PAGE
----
Newspaper Page Text
THE OMAHA DAILY BEE: SUNDAY MAY 15. 1004.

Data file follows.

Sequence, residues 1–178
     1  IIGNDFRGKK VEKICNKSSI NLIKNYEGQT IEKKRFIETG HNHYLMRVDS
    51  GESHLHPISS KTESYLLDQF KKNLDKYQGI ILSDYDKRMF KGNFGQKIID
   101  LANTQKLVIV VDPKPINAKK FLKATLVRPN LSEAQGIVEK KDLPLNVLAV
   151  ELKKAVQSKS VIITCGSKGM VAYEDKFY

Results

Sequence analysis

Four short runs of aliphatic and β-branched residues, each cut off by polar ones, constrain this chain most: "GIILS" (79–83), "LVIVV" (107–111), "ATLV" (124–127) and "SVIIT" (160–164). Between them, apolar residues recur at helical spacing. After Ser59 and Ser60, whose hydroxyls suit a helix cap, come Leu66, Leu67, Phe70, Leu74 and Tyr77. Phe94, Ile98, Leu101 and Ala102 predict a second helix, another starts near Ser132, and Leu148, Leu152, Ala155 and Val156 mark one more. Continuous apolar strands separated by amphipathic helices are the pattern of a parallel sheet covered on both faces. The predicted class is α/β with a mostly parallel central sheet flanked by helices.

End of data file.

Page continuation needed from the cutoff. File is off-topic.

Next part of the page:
19 SPORTING GOSSIP Mart" worn ball. Omaha's tam has made a little progress during th week, and Is fuft getting Into condition to do what we have a reasonable Mght to expect from It. One of tde ehlef feat ores of the return. of tfie team to Its hom (round ha been the drvelnprm nt of team play, which la now belnn drilled Into th youngnter. This Is fur from perfect yet, but la making progress, and an im provement la notloeablo In the piny. For some unaccountable reason, the 1ml ling lms fallen off materially, eomo , of the mm who wera looked to as genuine slnggi ra having dropped bark Into the kindergarten claaa once more. No reason enn be As signed for thla, but there Is some comfort lit the thought that the men feel that they are not delivering the good, imd are ns anxious aa any one ran be for the de. slrad Improvement. In flehllfig the work of all but Hhlpke haa been Rood. He haa had a run Of decidedly tough luck since coming home, and haa not played nearly an safe an he did during the trip nbroml. He la neither shirking nor aulklng, so hla piny U not likely to continue at lta present low ebb. The statistic of the team's work are not So satisfactory aa they might be. Still It la batting at a good ells, unci fielding fairly well. The ateady Improvement In tha Melding figures Is the beat sign. Here ta what the tab shows up to Friday night: BATTING AVKUAGK3. AH. U. H. Ave. 1..W. Dolan t K :7 .4lft .:W Hr-hHtatall a 1 3 .H75 .&'" Weh-h M 1" 21 . t. f'reeae J7 2 6 r:l"S loward 74 12 ;i :n .1 Miller 7fi 14 2D . ..1:'7 McCarthy 18 2 5 .;w Carter 74 11 If .if7 .17 Thomas 7o o in .LJ Oondlng 40 4 11 .:': Hhlpke ffl I IS .::() l.l.bhardt 18 1 3 .1K7 .2m) Tfelster 4 0 0 Companion 0 0 Totaii Re m mi .2?" .201 FIELDING AVERAOKS. Last v O. A. E.TC. Av.Week. Llebhardt 1 11 0 12 l.two i.ww BVhaf stall 0 0 1.000 l.tKK) Pfelster 0 10 1 .... Thomas 173 10 6 1M ,!73 .! Oondlng 45 21 3 C9 .VM .9-S Welch U 1 iS 34 .Ml .9 McCarthy 1 IS 1 15 .i:U .1,17 Howard n (1 I M .SM .17 Miller 34 1 8 .K'7 .870 Carter So 1 4 M .M .84 Dolan 4 66 14 118 .(Wt .871 Companion 0 1 2 9 .778 .K!3 Frees ..... 10 3 4 17 . 706 . 727 Total.... 4234'BJ 0 ,9a .913 They'll soon be naming street after Joe Dolan again. Ill work with the bat la tip to hi true form, far ahead of. what he usd to do for Omaha, but just the gait he attack when he was the wonder of the bia; league for two seasons. HI Melding la Improving slowly In the percentage column, but the cold figures do not give any Idea of how brilliant It really Is. He ha gone after everything In sight, and his gsneral work ha been such a to fully reinstate him In the good grace' Of local fandero. Ha has settled down at last. I A every : Restaurant and Club ' . u - . Ajmt Call for : SSfSJ OMAHA'S I 5SSgpssJ : FAVORITE1 fiM teal W w d LjjiJ OF THE WEEK taking good care of himself, and announce that he lx through with fooling from now on. It Is a matter of biialnes with Joe, and every reaaon exists for thinking that he kitenda to be as good as his word. His example is bound to have Its effect on th teem work. nd Is already showing good result. When Dolan Is right and willing to play, he la as good na they make them at the short stop position, and It cer lalnly looks as If lie were right Just now. Other members of the team have im proved their lit Itl I tin figures during th week. Wclrh and Miller anJ Thorns went through the last five games without bobble, but Carter and Oondlng each malt' Hged to stumble Into an error. Bhlpke ha had a hard lme, but hasn't- lost his oour age as a result, and will be found Melding with the best of them. He is playing a hard game, going after everything, tif mat ter In what place It Is, and ha knocked down some mighty hard hits through his activity. One of the errors charged to him during the- Ies Moines Scries was cer tHlnly the result of an umpire' blunder. for It looked from the scorer' box a If Hhlpke bad his man. He didn't handle the ball cleanly, though, .and had to take the blunt of It when the runner van called aafc. Tlmmns Is doing Just what was ex pected of him at first, but hasn't been able to get them Into safo territory for some days. Ho feels very blue over his poor work nt the bat, but his prospects are a good na they ever were, and he will be omoiiK the .310 boys before. the season Is very much older. Carter Is having some trouble In 'the same respect, though he is working ns hard as he ever did. It will not he forever , with Nick, either, nor with Dusty Miller, whose hit have been much Interfered with by visiting fielder during the last five games. Howard still shows to some extent the lark of experience at eeC' ond, but la doing a general run of work that has made him Immensely popular. A soon ns he learns the niceties of his post tlon he will have a little something on all the rest of the second basemen In the blooming league. He la cool and quick, and la thinking all the time. Harry Welsh I "right" at last, and la playing the middle Meld like a veteran and hitting a pretty fair clip. Generally speaking the team I doing right well in every respect except the pitching staff. Pfelater appear to be the goods. HI wlldness on Friday wa due In a great measure to the fact that he hadn't worked any for ten days and .the bad weather, but he mnde a -nice showing at that. Schafstatl Is again nursing a sore shoulder, having torn a ligament in a fall during practice; IJebhardt's arm In suffering from the, ef fects of hla hand work at Colorado Spring and Denver: It Is not sore, but seems weak. McCarthy Is In good condition, and so la Companion, but neither haa shown first chop pitching qualities yet. Rourke haa not let up on his hunt for men, but Is still dickering with National league manager. and Is confident of landing another high grade pitcher before the end of the home Berles. Brown' work over at Ante la .i. mm ' getting better, but ha positively refuse to leave school before the end of the year and will not Join the team till tha 10th of June. when we will be playing Dee Moines on the home grounds again. With a couple more good pitchers, we will surely be in the rare for th flag. 1 . President Rourke is working hard to get his men Into condition for the best possible results, and expresses himself as much encouraged by the spirit they show In their efforts. He feels that he will be 1n the race long before the present home aerie ends. One of his efforts at present is to revive the Interest of the women of Omaha In the game. Iast season the fair sex somewhat deserted the ball park. In order to win them back Mr. Rourke has sought to make ladles' day as attractive as pos sible. He not- only provides a good ball game on each occasion, bat gives the ad ditional charm of good music, having hired an orchestra to play while the game Is In progress. . On Monday St. Joseph will be here, and President Rourke Invites every woman In Omaha to come out and occupy a seat la the grand stand and see a good game of ball free of cost. ' Lincoln 1 to have a base ball team thla summer and Judging by the men who Jiave been signed to play so far, It Is going to be one of the strongest independent organisations In the state. A large num ber of the university men have engaged to stay In the city and work during the summer months and the team will start off with at least seven of the strong men who represented Nebraska university on the diamond this spring. Tho university team ployed but one gume In Omaha, that against the Crelghton university . . team. which was defeated by a score of 12 to 1. Thla will give a alight Idea of tho sort of ball the summer organisation that Is to play In Lincoln can put up. The following are the men who have been signed so far: Bender, catcher; Morse and Adams., pitch ers; Wilson, first base; Hammel, second base; Rhodes, short stop; Steert, third base; Fenlon, left Meld; Townsend, center Meld; Bennet, right Meld. Rhodes and Wilson are former university stars and thus with the exception of Bennet, the whole team will be muds up of university players. Borne games have already been arranged and the season will open at the F. & M. park Decoration day. There Is no state league this year, but no trouble is anticipated In getting games, as a large number of the town In the state have already started organisation for this sum mer and more of them will fall Into line n the season advance. Any strong team In the state that would like a game will be given a chance to show what It enn do. The team, as It Is now lined up, will bo a stronger organisation than that which de feated the Omaha league team early In the season by th score of 19 to S. Manager Bell haa been selling season ticket for the past two week and the way they are be lng taken up Insures a good patronage at the sporting event. COLORADO SPRINGS, May 14.-(Spe clal.) More pitcher, more pitcher, I the cry of the local fans, for It Is evident that unless tha Millionaire include In their com pany mora tried and trusty men of the mighty arm there will b no western league pennant waving In Colorado Spring on September T6, 1904. When the team left for the eaat last Tuesday evening they had but three twlrlera and only one of the trio was absolutely reliable. McNeely can be depended upon to pitch hla share and a little more, of the games, but Coon and Akers, while they have ' done some good work, are uncertain, a condition affecting the serving department that cannot exist If the aggregation la to 'win the bunting. Manaager Jimmle Ryan haa signed Oscar Clarke, ef tho Rock Islanders, and haa anr other man In view who may have been landed by thla time. The second man la be lieved to be none other than George Vllle man of laat year' team, who refused to Ign this season because of a cut. In hla salary. If the salary arrangement can be adjusted and Vllleman secured the fan feel that all will be well. Clarke la not known here, but Is said to be a good one by George Graham, formerly hi team mate. Wood rich, the other member of the local pitching- staff, was not taken east. but remained here to see If he could not round Into shape. Woodrlch has a wonder ful slow ball, but exhibited nothing else In tho portion of tha one game he ha pitched. With good twirling- there Is no reason why the Colorado Springs jaim should not lead them all a merry chase for the honors. The weak condition of the department Is what has the team now In second place with prospects of going lower If things are not remedied. The batting work of the locals la above reproach and it probably better than that of any other club, Denver included. A compilation of th Individual records up to and Including last Tuesday's game shows that there are three men batting above .400. They are Kahl, who has been slugging at a .471 clip for twelve games; Messltt. catcher, .418 for twelvo games, and. Baerwald, catcher, .400 for one gams and a time at bat In another game. Of th remainder of the team, five, Kill, Blake, Ryan, Graham and Congalton, stand above .300 and Radcllfr, substitute lnflelder, and McNeeley, pitcher, are .260 or better. Coons, another pitcher. Is bat ting at .200 for Mvo games. In fielding Congalton and Blake, outfielder, have each mada a perfect record for thirteen game. McNeeley, Baerwald and Akers are also In th 1.000 list Radcllft Is lowest In Melding- with .864 for six games and Kahl I next above wit his average of .368. DE8 MOINES.. May li-(Speclal.)-WIth the addition of a fast and experienced catcher th Des Moines team will be in shape to starti for the top of the ladder. De Moines has been most unfortunate In tha backstop department, having had three men put completely out of th gam within two weeks. When the team went to Omaha but one man, Boals, a local amateur, was In Mt shape to do the work. Somewhere amid the packing houses Hotter picked up a youngster named Clark. Des Molnas folks don't know who Clark Is, but If be keeps up the gait he has hit tbua far he la good enough to hang on to, for the time being at least. Th local officials have sent telegrams to half a dosen big league club asking for a catcher, but as yet no reply has been received, rhlladehphla would return Mar shall to Des Moines, but Shettsllne wants th earth and th local club hasn't got It to give. He will let Marshall come to Des Moines provided that an agreement I signed giving the Phillies a string on th big catcher at any time during th season, with Ave days notice. Half of th draft money has been paid the local club. If Marshall comes the other half la not to be paid and h Is to be returned to Phlladel- phla at the end of the season. All this I wanted for a catcher who I now Idling back In Philadelphia. Th local fana are simply aching for a chance to get a crack at the Millionaire and Tebau' Orlsslle on th De Moines field. Th trouncing De Moines got In both of the western towns waa a bitter pill even though It Is aa old story. From the sentiments expressed by he Omaha players whan here laat week all of the elubs are anxious to show what they can do against tha western teams when down on the plains. Mlk Sexton, when her last week, said that he thought Des Moines has a fast bunch of player thla year and that they will land near the top. He waa accused of impls flattery, but with a deep blush sa tlon and baM tt. Tu. Mnlnea bad a better team than for many years pa He waa earjeclaliv ntfcnaiaatle ahout Hn St. off man, the Ft. Louis boy who has taken O'leary's place at short. Hoffman, be fore the eeaaon Is over, will be a wonder. SPRINGFIELD, Neb.. Muy 14-To the Sporting Editor of The Bee: I noticed you account In laat Sunday' Be of the game of base ball that Cy "Young pitched for th Foatons against the Philadelphia, wherein only twenty-seven men cam to bat; I also note that you any: "In baae ball's Mfty year of life thla feat lias been accom pllahed but the one time." Without de tractlng anything from Mr. Young and the Poaton team, I desire to call your attention to a game of baae ball played between Springfield and Weeping Water, Neb., a Springfield, on Saturday, September 7 01, an account of which appeared In The Sundny Pee of September S, 1901, wherein Pitcher Kddle Clement pitched a game and accomplished the very same feat, besides breaking the world's record for allowing only twenty-seven men to come to bat The game was played In Just one hour, which also broke another world's record I enclose you tabulated score aa It ap peared In the local paper here in Its Issue of September 12, 1901. I wish you would have this score printed In next Sunday' Bee, and very much oblige. Your very truly, C. F. CALHOUN. SrRINOFlFLD. AB. R. H. P.O. A. E PMug. If 4 0 10 0 Dun, cf 4 0 0 1 0 Nicholson, rf 4 1110' Youngs. 3b... 4 0 3 1 0 1 Batea. c 4 0 0 11 2 1 K. Clement, p 3 3 2 1 4 1 F. Clement, as 4 0 1 2 3 ( 11 nley. H 4 0 Z 0 11 Hlakewell, lb 3 0 1 . 10 0 I Total 34 4 10 27 10 1 ' WEEPING WATER, AB. IV H. T.O. A. E Cogllier. 2b.. 3 0 0 0 1 I Peck, ss 3 0 0 5 11 Rector, cf 8 0O10I Ruef. p 3 0 0 1 2 1 Sltser. c. 3 0 0 7 2 Htoner. If 8 0 0 1 0 1 Curyea. 8b 8 0 0 3 0 Challand, lb 3 0 0 6 0: Barnes, ri s u v v v 1 Totals 27 0 0 24 6 1 learned runs: SnrtiiBrfleld. J. Struck out By Clement, 10- by Rcuf, 6. Hit by pitched ball: By Reuf, 1. Umpire; Shnnnahan. Time: 1 hour. Now that the scoring and Jockeying be tween Tuthlll and Dennlson and the offi cials of the Omaha Driving club has been ended and the club is in full possession of the right and title to the driving park, the matinee fever has broken out In all kinds of new spots among the horsemen of the city, and there Is every prospect that th meeting scheduled for Monday, May 80, will be an eye as well as a season opener, Of course, all the member of the club are Intensely relieved that th uncertainty aa to their acquirement 'of th track In time for this summer' meets 1 at an end, and the former owners and lessee must feel mora settled In their midst, no matter which end of the trade they got hold of. Now It's up to the club to make good on the kind of horse entertainment provided, and there isn't a shadow of doubt but what It will more than do It. The club house project that refuses to be hushed up or choked off Is In embryo. It is true, and no on of the officials or' members wants to commit himself by saying anything- about it on way or the other. As a mat ter of fact nobody can say anything definite because the scheme la too muoh In Its In fancy. But it's a healthy youngster and th dearly beloved of every Individual member of th club and every one of then will go down deep In his pockets before he will see It perish of Inanition. It's a cinch that the day will com when th Omaha Driving; club's perk and club house and stables, and all the rest of It, will be one of tha attraction of the town, and when th ten plunks that It now coats to become a member of this organisation will not be a marker to what men will tumble over themselves to give to become members, without regard to whether they know th difference between a sweat pad and a hobble or not. It may not and prob ably will not be on th site of the present driving park, though they might go farther ahd do worse. But it will be somewhere and every turfman In tha city will pin to that statement. Still, that's all In th dim but not very distant future. What makes all th owners of fast ones rub their hands together and smile wide and deep and long Just now is that they have got th word and are off In a bunch for th final perfec tion of plans. . They are building from th ground up on a substantial basis, and will eventually be In under the wire with th best horse clubs in the country. Th plans for the summer Include the Mrat meet on May 80, as already announced, and on very two weeks thereafter during th racing- aeason; and then there will be apeclal days and events, such as the ihowing here Of Dan Patch, probably during or imme diately after tha atat fair, and other ultra-fancy performers. Th question of whether an admission fee should be charged to th matinees has been decided In th negativo and In that particular a good big bunch of the mem bers think a mistake has been made. It la probably true that any man who likes to see a horse rao likes it well enough to give a quarter for It, and would do so all th more readily If th funds thus g-alned were devoted to th hiring of a band of music There will be no mualo without th admission fee, except on state occasions, and it Is possible that th club will reconsider its action In this matter. And th attendants of th races are not th only ones to whom a band of musio Is worth two bits apiece. Th drivers drive better with it and th horses In front of them go better for It There's no question about that. Every driver will say so and every horse would IX he could talk. There' something about th right kind of music that adds Just ss much to a bora rao as It does to a funeral or a Sunday school picnic. Th entries for the first niatlne are already filling and all the sllok one In th city, marked and unmarked, beside sev eral from Council Bluffs and South Omaha, will be on hand to score In on of th four classes that will be started. As in days of yore, only half mile heats will be trotted and tha clip of the four c.laasee, A, B, C and D, will be something Ilk .07. .08. .10 and IX They will all be mixed races, which is a little hard on th square trotter a against the pacer, but th diversity of th classes will remedy this to a great extent. It has not yet been decided whether or not the winners shall b awarded 'something In th shape of a material trophy aa a whip, blanket 1 or ether article of hone clothing or util ity, or the proverbial blu ribbon, it's a pretty safe gamble tttat th ribbon, properly inscribed, will b th favorlt award with th majority of th winner, rather than something that likely as not they are already supplied with, would rather select themselves, anyhow, if they've got t have -It, and last, but not least, can't hang up where they can show It to their friends in an offhand sort of way Just as If they didn't rare Very much about It, nohow. Blu ribbons do not cost as much as whips and things. snd In certain rases are much more satis factory. Tills Is one of the cases. Aniot.g the flyers and drivers that will be In tb front line at th first meet will be tinting his cheeks he denied the nocu eons WAT Only those who have experienced the awful itching and burn ing of IJczema can know how it feels to be consumed by the blis tering, fiery acids oozing out through the pores of the skin. There is no other skin disease that compares in severity with Eczema. It begins as a mere redness of the skin, or comes in little watery blisters and pimples, discharging a thin sticky fluid which hardens into scabs and scales, leaving a raw and inflamed surface as they peel off, while the itching is almost intolerable. Eczema is the most vicious and violent of all skin diseases, ap- peanng in many dmerent tonus ; uie ary ana scaiy kiuu whu brownish white crusts, which gives the skin a rough leathery appearance, and producing some times painful fissures and sores. In other cases the skin has a swollen, moist appearance, with occasional profuse discharges of watery matter. But all the varieties and types of this aggra vating disease are akin and are caused by impure blood aud an over-acid condition of this vital fluid that seems to set the skin on fire, kindling a flame that water will not quench, and an itching, stinging eruption that lotions, soaps, salves and powders cannot suppress. As the poisonous acias in ine oiooa increase tuc erup tion spreads and becomes more angry looking, and the itching and burning more unbeara ble. Eczema is the commonest of all skin diseases, and the most aggravating and treach erous, disappearing at times, then returning suddenly and in a severer form than ever. It is particularly bad in warm weather, be cause at this season the skin is reacting and the blood is making extra effort to throw off the morbid secretions and acid impurities that have been accumulating during the long win ter months, and there is an over flow of the acrid matter andacid poison through the pores, producing irritation and redness of the skin and all the terrors of Eczema. Soothing applications are beneficial and advisable, but not curative, because the seat of" the disease is in the blood, and external or surface treatment can not change bad blood into good blood or purge the system of impurities. Only a blood puri fier can do this, and while treating the skin the blood must be looked after or the disease is sure to return when the blood is again overcharged with acids. . S. S. S. to purify and cleanse the blood, and some ncn-imtetmg, seething sas is tonic properties that enter into the circulation and destroy the impurities, and at the tame time tone up the general system. Skin diseases are, after all, only symptoms of impure and vitiated blood and external signs of disordered systems, and -when yott care the blood the erup tions disappear. If you nave Eczema or any blood disease, sore or eruption, write jis an&ctlrfhysician will crladly advise you and furnish any fnformation desired without cost to yon. Eolc on the Skin and its diseases free. THE SWIFT SPECIFIC COMPANY, SfJJJtTA, CA. J. W. Carr's chestnut gelding, AUle Chant well. This pacer I unmarked, but has shown a half around tha 0.12 mark or bet-; ter and has never been let go th limit. It will b entered In tb C class. Mr. Carr has driven tha horse to and from hla farm a dosen ar so miles but, every night for a number of weeks, with th result that It Is In th pink of condition and will be sure to show up well In th front Una. P. A. Nash's Badia N beat a good on last year when sha out-trotted C. N. Briggs' Adlne. She is a handsome chestnut, square trotter and has son along for a halt In about eight seconds mora than a minute. This year she will be a B class candidate. Mr. Briggs has a green 4-year-old that he calls Palmaltlo that, while ha Is an unknown quantity as to speed. Is royal bred and ought to develop Into a topnotcher. He Is a showy bay, fifteen hands high and sired by Alameda, 2:10& by Hurley Burley, I:164. If blood tells Palmaltio will ba there with the goods. Lawyer Crofoot'a Governor Tay lor will be a class A possibility. Ha has shown a better half than his mile mark of 0:164 Indicates and will be sent along this year for th best there Is In him. Kendall's Blugen, 2:1, with a half In 0.-07, will be an other class A candidate of the pacing divi sion. Thomss Byrne's new trotter, pur chased In New Tork laat winter, will ba watched with a good deal of interest and is expected to give a performance In keeping with Its record of 0:lT. This animal I a rangy black horse and on of tha likeliest of tha many new one that have been brought to Omaha of lata Horaemen of Omaha will be interested to know that Clinton H. Brlgga of thla city ha shipped his famous stallion, Thorndlna, 2:11H. together with Nadlne and Mardine, two fast youngsters sired by Thorndine, to the Faslg Tipton com pany's sale In Chicago, which takes place from May 17 to n. Inclusive, and is un doubtedly the biggest fast horse sal In th world. Shortly before he was shipped Thorndine showed a half on th Council BlufTs track In 1:084 without any prepara tion, and It is believed by the Judg-es of horse flesh In this city that when he comes to be tried out on th Faslg track, as all horses sold there are, preliminary to th sal, that he will clip the half trotted by th now famous Lou Dillon In 1:01, pre llmlnsry to her sal on this same track last year; In a brush from the wire Thorny din has shown a quarter at a 1:52 clip on th tracks about her on several oc casions and his Chloago performance under th hand of men who know how to get all th apeed there is. Is awaited with no little degree of Interest, not only by his owner but by everyone else who. knows of his wonderful abUlUes. None of them would be surprised to se this Omaha horse devel oped Into a world beater. He Is a hand some fellow and the air of very many fast ones in this vicinity. It Is a source of often expressed wonder ment to the casual observer of matters snd things In and about Omaha that, with all th automobile In th city for th pur pose of pleasure and conveyance, that there is not on as yet used by the big department stores and other concerns for the delivery of their goods to different parts of th city. Omaha's enterprise and prog-resftlvenees In every other line of busi ness adds some color to the query as to why this Is thus. It Is doubtful If 4here la another town of the same sis In the oountry where th eleotrte delivery wagon as well ss the auto coup for th use of th general publlo Is not In use to a greater or lea extent And they will prob ably be her aa soon as some advertising manager think of It Just to stand and watch th sporting goods and hardware men shove) out Ashing tackle thes daya removes all doubt from th average mind but that the law pro tecting tb finny one for a part of the year Is a wise and commendable measure. And Saturday la the day more than half of the wherewith to catch 'em Is disposed of, too, though, of course. It does not necessarily follow that more than half of them ar caught on th day following. The past week Is the first good Ashing TOED BY A FIBE THEI H WILL TOT time. Garth, Va. the proper treatment tor all forms ot .Eczema, . . js. has made some remarkable cures of this stubborn skin disease cases that had become chronic from long neglect or wrong treatment. S. S. S. is the only guaranteed strictly vegetable blood remedy. It is without a single mineral ingredirat, but of medicinal roots that come from the fields and forests or Nature's store-houses. S. S. S. combines both puriyfog and that the cold and rain of the former days has afforded and during this time soma nice strings have been brought In. They are principally bass and croppies, with th former very much in tb minority. They, however," will make good' when tha water gets a little warmer. One of the prettiest baskets thus far brought In was caught by George Sheehan, but he had to go to Washington county after them. There wera less than a dosen and a half of wall eyed plka and - they weighed over forty pounds. . While tha scores mads by tha high scrnool boys In their annual field day events at tha Omaha Driving park the other day wera in no wis or instance world record breakers, they showed some good work on the part of the young men who made them and were altogether creditable. More than that, they will compare favorably with tha scores made by some of the In stitutions where the attendants average many more yeara and inchea in stature than do the Omaha youngsters. The high school ball team Is In line with the rest of the athletic, as has proven on several auspicious occasions, and this fall the boys propose to have a foot ball lineup that will surprise the natives. Candidates ar already cropping up In every direction, and among them are some good, husky speci mens of young manhood. Napoleon of Flnaae. A school boy who was always behind with his lesson was asked by his teacher, who was endeavoring to explain a question in arlthmetlo to him: "Suppose you had $100 and was to give away S0 how would you ascertain how much you had remaining?" "Why, I'd count it!" he exclaimed, with a smile, aa the happy inspiration cam to hla relief. Philadelphia Ledger. AppIylnsT th Final Test. At last, after years of research, Diogenes gave It up. 'No," be said, "there's no such thing as sn honest man. Every mother's son of 'em will beat tha street car company out of a rids If he can I" Slgnallnr to the conductor to stop ths car, hs got off at Seventy-first street, put out his lantern, and went back to his tub. Chloago Tribune. BEER BoitUd Goodness 3 MHwaukee's Banner Brew It isn't talk that counts, it's quality Qaalitv that stands pat, at all times, for honest criticism. The unprecedented popularity of Biats Wunir is due lo lta pronounced indt viduality that indescribable, honest flavor that alwavs means "fllsts" tkit delitht lul Blats Winner "smack" that toes stratiht to ths spot. Drink it for beer character For health's sake drink it. Ask for it down town. Send a case bom. aooo OkO "slti. LATZ MALT-VIVINC iaon-iMTOS.) TONIO VAL. SLATI BREWIM) CO., Mil wastes OMAHA BRANCH Tsi. 101. I4IJ DiMis-la tl FUTURE BOOKS AMERICAN DERD V World's Kalr. lirnt.klrn and Buburban Handicaps Write for quotations. Commis sions handled on all races. JAMES O'LEARY 41U B. IlAUiTEAlJ "!'.. BHR'AOO. Long Instance f hones lards snd Itot WAV' (7 , I ,41 1 I QIEflCHw MM Dear Sirs : In tha summer of 1886 X was attacked with a breaking out, whloh dootora said was Eozema, It com menoed on tha lnsid of my arms and gradually spread. Th dootors who examlnsd ma said they oonld our it, and treated ma for soma time, bnt It graw wors all tha while. I than wrota you, and npon raoaipt of a raply to my Utter I got six bottles of 8. 8. 8, and began taking tt according to directions. I had nsed four and a half bottle bafora taaisg any affeot at all ; than th Eoietna seemed to gat a treat deal worsa, bnt X kept on taking tha anedlolna, and In three or four days th arnptlon 00m menoed to Shad off. oould rub It off Ilka bran, and this was tha and of tha Eozema. I took in all nine bottles, and nearer spans that muoh money for anything that did ma so muoh good. Bays felt better In arery way slnoa. X am 08 years old, and was so stiff that I oould hardly walk ana was compelled to quit work, bnt slnoa taking 8. 8. 8. bare baeaoa tha po all the VertrUy, J u. ziaVi I AIR. IT LEADS! Quaker Maid Rye Possesses every epsailty that com mends Wfetfcey to rocwlar ftssor. At all Ise&Bg rale, bars ssdarsgsrans. S. HIRSCH ft CO. J VAHSAS CITT, UO. In the gme f, life there is an umpire rtiniii de- iri'ona 'are W si court of Jurisdiction yifafKiifrt&leiidea youarpjMtt." Out ofO"Jth-he jCjje of th rtijjL-isibn is always appuwnX. Vo one wuliie. jt better VMa the pl4r. I I the everydajrininrt of the strciitfifus" VftS no man can hope to ivin unj( hd is t physically aurlnentalljr for thernd jxejsaes sen-eJiprce sufliient to 5uyui. Efeverv nuw would rely upon the sup-' por ondtrejVf n CVP-C suspensory affords, th .jfrcenUge fcf "outs' L would beieatlyles.ned.'' J t furnishWaid to thit portion of the atfay wilfl ofle strain wmcn causes uoiu rVivwit' uml iiental futlXUC' -T-7 t r v - - oVjC susptysoric or sold by nearly all Jriggists. sr?!'tlbt your druggiut ha M.riu. We Mtre. you it -will be tc" yoifl ioterest to L-ytrt npon tha O-P-C ,w yoa? alc r will n M'swsjjly you, send to us. fc&j'P P-C. lister; Ij.co; No. 3 O P:C, .uSajri.so- ry.,-v ' .. "Tha Marlfo$ tnaMssier.Vn'in.'' teresting booklet giving reasons why every man should 1 wear an O-P-C suspensory, sent jrt Vpon request. " Btif'Blackt 8j Twenty-MtU St. V Chkage, VS. A THE CONTINENTAL t'lUAR oTOKK. Iiase Ball Headquarters AvOl for nam CL ill ' H r:"? ftsthere ! a ;. te no Vrtber MM) a